Whilst some line drawings are extremely intricate and detailed, the same technique can be used to create simple and quick outlines or "hints" of a subject, rather than sketching a realistic impression. Line drawing is a great way to build confidence in close looking and identifying key features and shapes in your drawings.

In this blog, Vicky Thompson, Senior Learning and Engagement Officer, takes you through some of her line drawings to help inspire you to experiment and create your own simplified line drawings.

Equipment needed:

  • Paper 
  • Pencil 
  • Black pen 
  • Rubber 

Over to Vicky:

Start by dividing your paper up. Since we are just starting out, we'll begin with smaller drawings and you can build from there.

As a beginner, always start your drawing in pencil – this way you can try lots of different lines before settling on your final line to go over in pen. Look carefully at what you are drawing. Line drawings are all about focusing on the outlines and core lines of an object or view. Part of the skill is deciding what to include in your line drawing and what to leave out.

I find it helps to draw from photographs, rather than life, as the subject has already been transformed into a 2D image, so the tricky part of working out where the lines might be has already been done. But of course, you can draw from a 3D subject directly in front of you if you wish. For example, I took this photograph of a church on one of my daily walks.

1. I started by sketching the outline of the church, placing where the steeple would go, marking out the roof and placing the corners of the building and the windows. I think the best line drawings are the simplest so I decided that I would leave out some of the details, like some of the buttresses. I also decided to simplify the grand window.

2. Once I had sketched it out, I then went over it again with my black pen. At this stage, I edited as I went. I changed some of the positioning, I made the edge of the roof a thicker line, and I got a bit creative with the front window. I also added some detail to the roof to make it clear it was a different material to the walls of the church.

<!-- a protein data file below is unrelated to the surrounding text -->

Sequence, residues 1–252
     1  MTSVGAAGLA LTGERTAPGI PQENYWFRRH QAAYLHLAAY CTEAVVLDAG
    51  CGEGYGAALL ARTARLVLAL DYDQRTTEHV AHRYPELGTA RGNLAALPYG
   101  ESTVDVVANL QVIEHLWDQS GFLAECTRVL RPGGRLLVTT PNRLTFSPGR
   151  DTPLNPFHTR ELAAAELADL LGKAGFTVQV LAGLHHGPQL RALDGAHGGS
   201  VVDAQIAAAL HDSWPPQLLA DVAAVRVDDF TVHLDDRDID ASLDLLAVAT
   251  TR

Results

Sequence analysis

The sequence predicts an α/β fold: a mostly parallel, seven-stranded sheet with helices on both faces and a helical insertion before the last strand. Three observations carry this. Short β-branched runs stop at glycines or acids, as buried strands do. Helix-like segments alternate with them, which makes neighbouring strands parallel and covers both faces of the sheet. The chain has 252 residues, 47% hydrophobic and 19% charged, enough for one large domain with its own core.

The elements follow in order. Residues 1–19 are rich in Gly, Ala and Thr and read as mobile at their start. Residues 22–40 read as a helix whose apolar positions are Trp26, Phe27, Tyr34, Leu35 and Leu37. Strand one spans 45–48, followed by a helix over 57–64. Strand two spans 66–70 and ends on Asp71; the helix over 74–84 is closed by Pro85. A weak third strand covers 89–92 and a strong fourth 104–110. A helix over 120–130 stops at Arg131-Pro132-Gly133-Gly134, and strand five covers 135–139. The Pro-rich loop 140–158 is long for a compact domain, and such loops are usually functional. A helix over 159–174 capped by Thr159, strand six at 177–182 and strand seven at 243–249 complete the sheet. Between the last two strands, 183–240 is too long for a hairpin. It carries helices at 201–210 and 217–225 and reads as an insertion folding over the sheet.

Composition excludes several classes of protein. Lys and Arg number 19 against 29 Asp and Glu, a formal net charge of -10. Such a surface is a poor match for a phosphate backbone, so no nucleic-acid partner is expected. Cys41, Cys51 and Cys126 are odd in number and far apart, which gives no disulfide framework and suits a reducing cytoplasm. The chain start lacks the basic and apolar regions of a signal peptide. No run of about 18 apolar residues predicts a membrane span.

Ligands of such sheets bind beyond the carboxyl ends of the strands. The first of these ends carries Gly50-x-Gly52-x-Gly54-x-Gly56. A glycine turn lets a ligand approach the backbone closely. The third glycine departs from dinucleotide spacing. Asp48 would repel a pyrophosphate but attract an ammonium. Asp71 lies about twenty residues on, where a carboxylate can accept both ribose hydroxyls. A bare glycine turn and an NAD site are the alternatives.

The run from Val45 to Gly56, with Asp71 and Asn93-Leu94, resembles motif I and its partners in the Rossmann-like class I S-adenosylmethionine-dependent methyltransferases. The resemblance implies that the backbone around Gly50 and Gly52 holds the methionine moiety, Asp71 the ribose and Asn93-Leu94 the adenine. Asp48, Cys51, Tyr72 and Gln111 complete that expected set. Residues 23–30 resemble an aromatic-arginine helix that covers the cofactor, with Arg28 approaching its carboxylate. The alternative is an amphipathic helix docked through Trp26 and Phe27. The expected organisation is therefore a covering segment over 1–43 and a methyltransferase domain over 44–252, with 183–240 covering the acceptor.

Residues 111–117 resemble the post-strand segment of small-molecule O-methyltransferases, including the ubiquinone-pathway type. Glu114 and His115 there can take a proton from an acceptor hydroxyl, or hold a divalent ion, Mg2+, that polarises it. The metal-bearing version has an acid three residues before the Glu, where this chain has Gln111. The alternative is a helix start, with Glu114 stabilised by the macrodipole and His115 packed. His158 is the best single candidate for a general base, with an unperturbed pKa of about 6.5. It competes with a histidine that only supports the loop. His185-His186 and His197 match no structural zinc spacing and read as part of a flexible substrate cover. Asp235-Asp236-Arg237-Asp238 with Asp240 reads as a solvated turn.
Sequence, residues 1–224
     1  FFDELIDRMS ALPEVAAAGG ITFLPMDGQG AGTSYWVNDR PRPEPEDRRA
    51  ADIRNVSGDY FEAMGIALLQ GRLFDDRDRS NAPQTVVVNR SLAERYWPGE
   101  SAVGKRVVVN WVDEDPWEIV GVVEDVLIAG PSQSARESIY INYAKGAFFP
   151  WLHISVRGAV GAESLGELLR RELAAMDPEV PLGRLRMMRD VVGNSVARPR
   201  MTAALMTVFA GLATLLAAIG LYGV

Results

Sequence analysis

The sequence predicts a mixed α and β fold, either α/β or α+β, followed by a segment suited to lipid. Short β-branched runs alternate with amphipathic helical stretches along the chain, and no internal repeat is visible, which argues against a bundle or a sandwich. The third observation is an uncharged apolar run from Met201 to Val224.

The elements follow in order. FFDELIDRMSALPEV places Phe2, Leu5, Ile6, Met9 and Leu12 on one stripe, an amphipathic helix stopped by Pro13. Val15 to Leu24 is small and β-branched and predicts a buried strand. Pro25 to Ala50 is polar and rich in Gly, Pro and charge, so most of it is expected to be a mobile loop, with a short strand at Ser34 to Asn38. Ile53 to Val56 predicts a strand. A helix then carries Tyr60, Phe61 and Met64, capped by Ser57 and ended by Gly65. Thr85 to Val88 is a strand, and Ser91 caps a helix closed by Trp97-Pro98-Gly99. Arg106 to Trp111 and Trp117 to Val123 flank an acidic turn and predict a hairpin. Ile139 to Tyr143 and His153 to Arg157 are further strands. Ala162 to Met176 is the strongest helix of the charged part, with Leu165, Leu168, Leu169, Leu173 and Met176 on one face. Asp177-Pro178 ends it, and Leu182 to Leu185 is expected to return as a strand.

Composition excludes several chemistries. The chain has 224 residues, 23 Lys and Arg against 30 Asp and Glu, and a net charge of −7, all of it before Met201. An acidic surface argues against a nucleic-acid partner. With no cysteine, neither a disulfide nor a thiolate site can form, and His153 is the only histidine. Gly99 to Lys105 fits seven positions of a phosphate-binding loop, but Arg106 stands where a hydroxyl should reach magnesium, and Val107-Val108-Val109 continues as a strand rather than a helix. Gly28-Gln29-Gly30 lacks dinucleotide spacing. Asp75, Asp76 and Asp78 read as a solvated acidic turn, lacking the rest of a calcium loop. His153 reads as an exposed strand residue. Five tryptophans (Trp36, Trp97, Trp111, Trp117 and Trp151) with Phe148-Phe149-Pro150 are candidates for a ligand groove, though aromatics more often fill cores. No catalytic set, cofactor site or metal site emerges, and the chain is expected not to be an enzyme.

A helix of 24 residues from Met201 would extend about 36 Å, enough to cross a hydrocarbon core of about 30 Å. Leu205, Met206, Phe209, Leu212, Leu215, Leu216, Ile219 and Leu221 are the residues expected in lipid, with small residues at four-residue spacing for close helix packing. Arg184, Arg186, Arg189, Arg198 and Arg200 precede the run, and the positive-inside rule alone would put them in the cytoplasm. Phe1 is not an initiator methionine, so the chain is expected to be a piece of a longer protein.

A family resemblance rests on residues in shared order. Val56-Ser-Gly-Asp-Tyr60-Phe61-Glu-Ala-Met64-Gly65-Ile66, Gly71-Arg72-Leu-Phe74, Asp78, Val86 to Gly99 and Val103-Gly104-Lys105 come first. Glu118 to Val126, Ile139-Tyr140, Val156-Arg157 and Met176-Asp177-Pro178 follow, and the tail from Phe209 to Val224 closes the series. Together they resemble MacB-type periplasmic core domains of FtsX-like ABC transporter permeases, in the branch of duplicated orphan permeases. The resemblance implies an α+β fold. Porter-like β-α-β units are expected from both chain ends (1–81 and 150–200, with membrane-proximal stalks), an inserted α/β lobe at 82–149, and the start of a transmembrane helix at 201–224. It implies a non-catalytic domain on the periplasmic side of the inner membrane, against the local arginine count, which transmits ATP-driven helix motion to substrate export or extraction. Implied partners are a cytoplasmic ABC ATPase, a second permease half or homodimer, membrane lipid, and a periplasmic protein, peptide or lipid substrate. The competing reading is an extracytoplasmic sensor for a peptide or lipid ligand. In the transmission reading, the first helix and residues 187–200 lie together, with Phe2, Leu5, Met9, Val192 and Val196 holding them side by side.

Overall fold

3. Finally, I rubbed out the pencil marks and neatened up some of my lines with my pen.


I also had a go at some other photographs from past travels. I used the same method for this photo I took of the windmill at Kastellet, Copenhagen. The illustrative style allows you to use a lot of creative licence when doing line drawings. I thought some birds in the sky would add a little bit of character to the image.


This photograph of the Japanese Tea Garden in San Francisco has a lot going on in the background and foreground and all around the building. For my drawing, I wanted the building to be the focus, but I also wanted to experiment with adding trees to provide some context and scale to the building. I framed this drawing in a circle as it allowed me to not worry too much about the background or wider details, and makes for a more interesting frame than a square or rectangle. For the trees I just drew wobbly lines to give the impression of wide, flat branches. Some simple squiggles in the foreground worked great for the bushes!


These pumpkins were more of a challenge. There is a lot going on in the original photograph, with lots of different textures from the hay bale, but also in the different types of pumpkins. After sketching out the rough circles to place the pumpkins, I experimented with ways to create different textures. Lots of little lines, dots and dashes seemed the best technique. Once I moved onto using my pen, I adjusted some of the shapes of the pumpkins and looked again at how the lines curved out from the stems to make them look 3D. I added the fence as a background, so I felt it needed a clear border to mark the edges of the drawing, so I used a thicker black pen to create a thick border.

Remember, when drawing lines, you are in control of what you include in your drawing, and what you leave out. If something feels too complex, or you can’t think of how to simplify it to create the line drawing style, just leave it out, or adjust it. You aren’t trying to create an exact, life-like drawing - you are creating a heavily simplified illustration.

The best way to practice this drawing style is to do little doodles. Since you don’t want to add too much detail, smaller drawings are easier as you aren’t as tempted to try to fill the empty spaces. What about drawing everyday objects around you? Your mobile phone? The TV? A Camera? What about your house? Or your mug of tea and biscuit?

We would love to see your creations, share them in the comments below or on socials.